María Medrano

Ashoka Fellow
Fellow Since 2014


This profile was prepared when María Medrano was elected to the Ashoka Fellowship in 2014.
The New Idea
Maria designed the first program that addresses the most destitute and isolated in Argentina, the population of incarcerated women. Through a multi-faceted approach she seeks to make prisons and the systems surrounding them a productive “eco-system” that ultimately allows for reintegrating women and their families into society. Convinced that the prison is the last link in a chain of exclusion and disenfranchisement that ensnares poor women, Maria pioneered a relationship-centered continuum of education and engagement for women prisoners and ex-convicts to create concrete opportunities for women out of prison and to change the mindsets of prisoners, their families and communities. Yo no fui (It wasn’t me) offers new, needed tools so that these women can imagine a new life for themselves within a community that they choose, and adopt the practical skills and attitudes that will make this a reality. Maria’s work proposes to reset and reorient relationships—familial, social and political—in which the women are involved.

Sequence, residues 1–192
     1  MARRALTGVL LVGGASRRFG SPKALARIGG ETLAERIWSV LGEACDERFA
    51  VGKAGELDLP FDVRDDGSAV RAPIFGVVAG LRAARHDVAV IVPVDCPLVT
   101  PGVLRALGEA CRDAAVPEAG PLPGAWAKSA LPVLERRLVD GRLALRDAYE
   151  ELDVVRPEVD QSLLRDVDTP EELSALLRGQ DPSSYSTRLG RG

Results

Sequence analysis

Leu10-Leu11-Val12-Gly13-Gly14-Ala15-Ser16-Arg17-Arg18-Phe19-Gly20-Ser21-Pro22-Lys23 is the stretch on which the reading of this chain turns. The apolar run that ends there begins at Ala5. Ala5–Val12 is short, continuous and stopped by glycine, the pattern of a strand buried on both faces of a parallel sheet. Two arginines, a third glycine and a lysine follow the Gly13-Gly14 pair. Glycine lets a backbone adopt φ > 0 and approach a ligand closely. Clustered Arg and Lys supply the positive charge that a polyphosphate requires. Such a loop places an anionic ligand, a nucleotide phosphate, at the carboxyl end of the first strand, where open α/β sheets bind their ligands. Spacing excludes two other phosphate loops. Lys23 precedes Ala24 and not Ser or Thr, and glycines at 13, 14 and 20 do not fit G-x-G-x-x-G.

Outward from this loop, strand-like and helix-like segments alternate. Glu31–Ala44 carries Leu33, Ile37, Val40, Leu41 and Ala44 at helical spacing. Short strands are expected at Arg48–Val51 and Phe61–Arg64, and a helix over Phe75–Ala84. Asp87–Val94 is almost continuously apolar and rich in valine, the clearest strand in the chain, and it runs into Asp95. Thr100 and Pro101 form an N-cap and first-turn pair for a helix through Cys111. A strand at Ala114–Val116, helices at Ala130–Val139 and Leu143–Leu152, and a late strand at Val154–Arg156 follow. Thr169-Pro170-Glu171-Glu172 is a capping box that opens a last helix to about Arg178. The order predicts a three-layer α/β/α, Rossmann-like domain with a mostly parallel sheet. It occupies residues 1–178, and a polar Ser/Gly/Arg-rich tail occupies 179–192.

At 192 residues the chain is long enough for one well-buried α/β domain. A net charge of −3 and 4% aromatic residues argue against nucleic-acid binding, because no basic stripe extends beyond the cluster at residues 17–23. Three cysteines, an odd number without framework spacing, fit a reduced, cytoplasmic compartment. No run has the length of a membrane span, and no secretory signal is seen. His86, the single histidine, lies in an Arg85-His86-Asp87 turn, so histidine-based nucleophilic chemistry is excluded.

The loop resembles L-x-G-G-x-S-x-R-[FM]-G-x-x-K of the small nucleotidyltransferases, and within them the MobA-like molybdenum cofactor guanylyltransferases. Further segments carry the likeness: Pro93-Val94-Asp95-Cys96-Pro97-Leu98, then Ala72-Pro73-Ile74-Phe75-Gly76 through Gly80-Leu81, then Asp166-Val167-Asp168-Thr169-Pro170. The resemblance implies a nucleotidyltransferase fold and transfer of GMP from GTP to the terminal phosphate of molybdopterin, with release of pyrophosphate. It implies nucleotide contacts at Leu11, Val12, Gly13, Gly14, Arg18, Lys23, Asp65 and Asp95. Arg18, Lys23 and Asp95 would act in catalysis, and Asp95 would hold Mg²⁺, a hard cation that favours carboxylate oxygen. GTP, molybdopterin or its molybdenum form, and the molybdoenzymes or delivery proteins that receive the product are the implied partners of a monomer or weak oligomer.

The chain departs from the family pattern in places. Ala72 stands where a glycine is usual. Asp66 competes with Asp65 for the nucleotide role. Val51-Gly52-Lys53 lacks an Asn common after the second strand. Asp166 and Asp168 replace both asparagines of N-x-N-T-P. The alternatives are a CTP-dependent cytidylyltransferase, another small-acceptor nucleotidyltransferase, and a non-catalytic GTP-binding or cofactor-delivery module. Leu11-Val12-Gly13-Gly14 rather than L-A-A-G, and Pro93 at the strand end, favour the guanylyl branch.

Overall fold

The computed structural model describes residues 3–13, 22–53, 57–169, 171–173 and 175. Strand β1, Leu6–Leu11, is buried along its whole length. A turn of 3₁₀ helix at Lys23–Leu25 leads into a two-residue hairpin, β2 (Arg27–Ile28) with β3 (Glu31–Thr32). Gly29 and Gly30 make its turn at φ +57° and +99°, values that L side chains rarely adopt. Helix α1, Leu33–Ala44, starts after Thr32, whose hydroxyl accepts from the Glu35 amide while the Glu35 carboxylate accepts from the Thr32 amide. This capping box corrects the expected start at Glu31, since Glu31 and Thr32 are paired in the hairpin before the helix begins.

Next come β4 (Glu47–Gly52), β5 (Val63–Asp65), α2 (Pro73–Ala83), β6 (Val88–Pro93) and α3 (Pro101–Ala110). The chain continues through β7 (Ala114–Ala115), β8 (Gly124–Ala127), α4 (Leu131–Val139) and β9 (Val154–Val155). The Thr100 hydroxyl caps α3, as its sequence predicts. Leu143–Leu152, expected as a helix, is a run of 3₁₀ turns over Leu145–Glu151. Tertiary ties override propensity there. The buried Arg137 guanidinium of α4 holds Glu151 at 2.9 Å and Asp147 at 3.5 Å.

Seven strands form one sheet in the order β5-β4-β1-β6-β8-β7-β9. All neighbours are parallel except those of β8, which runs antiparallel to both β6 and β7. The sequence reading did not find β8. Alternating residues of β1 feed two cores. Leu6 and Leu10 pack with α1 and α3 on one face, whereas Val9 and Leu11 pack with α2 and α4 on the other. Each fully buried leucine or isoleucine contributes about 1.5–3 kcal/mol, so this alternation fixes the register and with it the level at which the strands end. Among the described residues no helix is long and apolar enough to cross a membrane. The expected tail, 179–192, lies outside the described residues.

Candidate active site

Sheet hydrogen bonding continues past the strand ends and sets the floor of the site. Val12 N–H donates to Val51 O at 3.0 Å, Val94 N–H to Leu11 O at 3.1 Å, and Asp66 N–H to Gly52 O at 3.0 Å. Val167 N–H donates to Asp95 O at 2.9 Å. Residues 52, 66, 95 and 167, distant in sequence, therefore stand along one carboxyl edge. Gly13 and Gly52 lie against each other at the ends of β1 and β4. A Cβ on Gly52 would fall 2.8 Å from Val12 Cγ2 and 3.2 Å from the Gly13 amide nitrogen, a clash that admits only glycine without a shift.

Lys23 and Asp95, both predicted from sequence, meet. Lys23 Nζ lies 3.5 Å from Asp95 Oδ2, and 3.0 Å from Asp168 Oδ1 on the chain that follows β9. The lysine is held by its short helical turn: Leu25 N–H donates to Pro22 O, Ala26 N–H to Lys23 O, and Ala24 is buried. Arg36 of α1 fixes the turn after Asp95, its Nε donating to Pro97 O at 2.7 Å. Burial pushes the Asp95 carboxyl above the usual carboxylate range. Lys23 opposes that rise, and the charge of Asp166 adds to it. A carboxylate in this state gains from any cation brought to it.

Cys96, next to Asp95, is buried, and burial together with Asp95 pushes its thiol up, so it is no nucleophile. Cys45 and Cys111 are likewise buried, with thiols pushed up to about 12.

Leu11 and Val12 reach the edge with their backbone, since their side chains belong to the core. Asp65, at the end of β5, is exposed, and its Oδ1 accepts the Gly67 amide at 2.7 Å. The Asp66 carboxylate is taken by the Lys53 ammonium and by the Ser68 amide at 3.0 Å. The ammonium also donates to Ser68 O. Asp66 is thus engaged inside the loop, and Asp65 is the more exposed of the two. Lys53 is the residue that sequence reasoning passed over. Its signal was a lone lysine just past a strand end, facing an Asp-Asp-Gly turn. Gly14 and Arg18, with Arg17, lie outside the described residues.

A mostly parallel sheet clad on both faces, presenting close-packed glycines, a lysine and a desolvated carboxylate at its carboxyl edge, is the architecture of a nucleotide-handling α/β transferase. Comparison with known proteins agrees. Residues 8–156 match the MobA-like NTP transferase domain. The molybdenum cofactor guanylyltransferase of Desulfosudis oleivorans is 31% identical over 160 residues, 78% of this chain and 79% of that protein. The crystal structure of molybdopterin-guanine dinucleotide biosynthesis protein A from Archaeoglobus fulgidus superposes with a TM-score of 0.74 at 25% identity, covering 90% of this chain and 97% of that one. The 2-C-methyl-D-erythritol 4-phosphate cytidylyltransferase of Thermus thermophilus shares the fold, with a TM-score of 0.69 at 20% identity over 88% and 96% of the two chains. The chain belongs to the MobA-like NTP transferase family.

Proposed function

Yo no fui offers a systematic and holistic approach to transform the way the criminal justice system conceives of and treats women prisoners, making it a productive and more nurturing place. Maria’s program works to form new communities, families, and support networks for the first time in their lives. Through establishing safe environments for personal development, relationship-building and learning, Maria’s program deals with the root problems affecting the women, including their lack of labor skills, emotional marginalization and poor self-confidence. Maria also works closely with the administrative bureaucracy of the penitentiary system, engaging with and shifting how the prison guards and wardens perceive the women, and reshaping the roles and interactions of the relevant public ministries involved in imprisonment.

For these women, Yo no fui is a place of belonging comparable to the families from whom most are estranged. As it assists women in acquiring the technical and psychological skills to reintegrate permanently in society, Yo no fui is becoming a model not just for women prisoners but also for larger prison reform programs, including interventions with male prisoners, while contributing to the reform of the infrastructure of the penitentiary system. As Maria extends the reach of Yo no fui, she has begun to work in jails and prisons at both the provincial and federal level, and has embarked on a long-term strategy to change the mindsets and practices of the next generation of prison authorities.
The Problem
The Strategy
The Person

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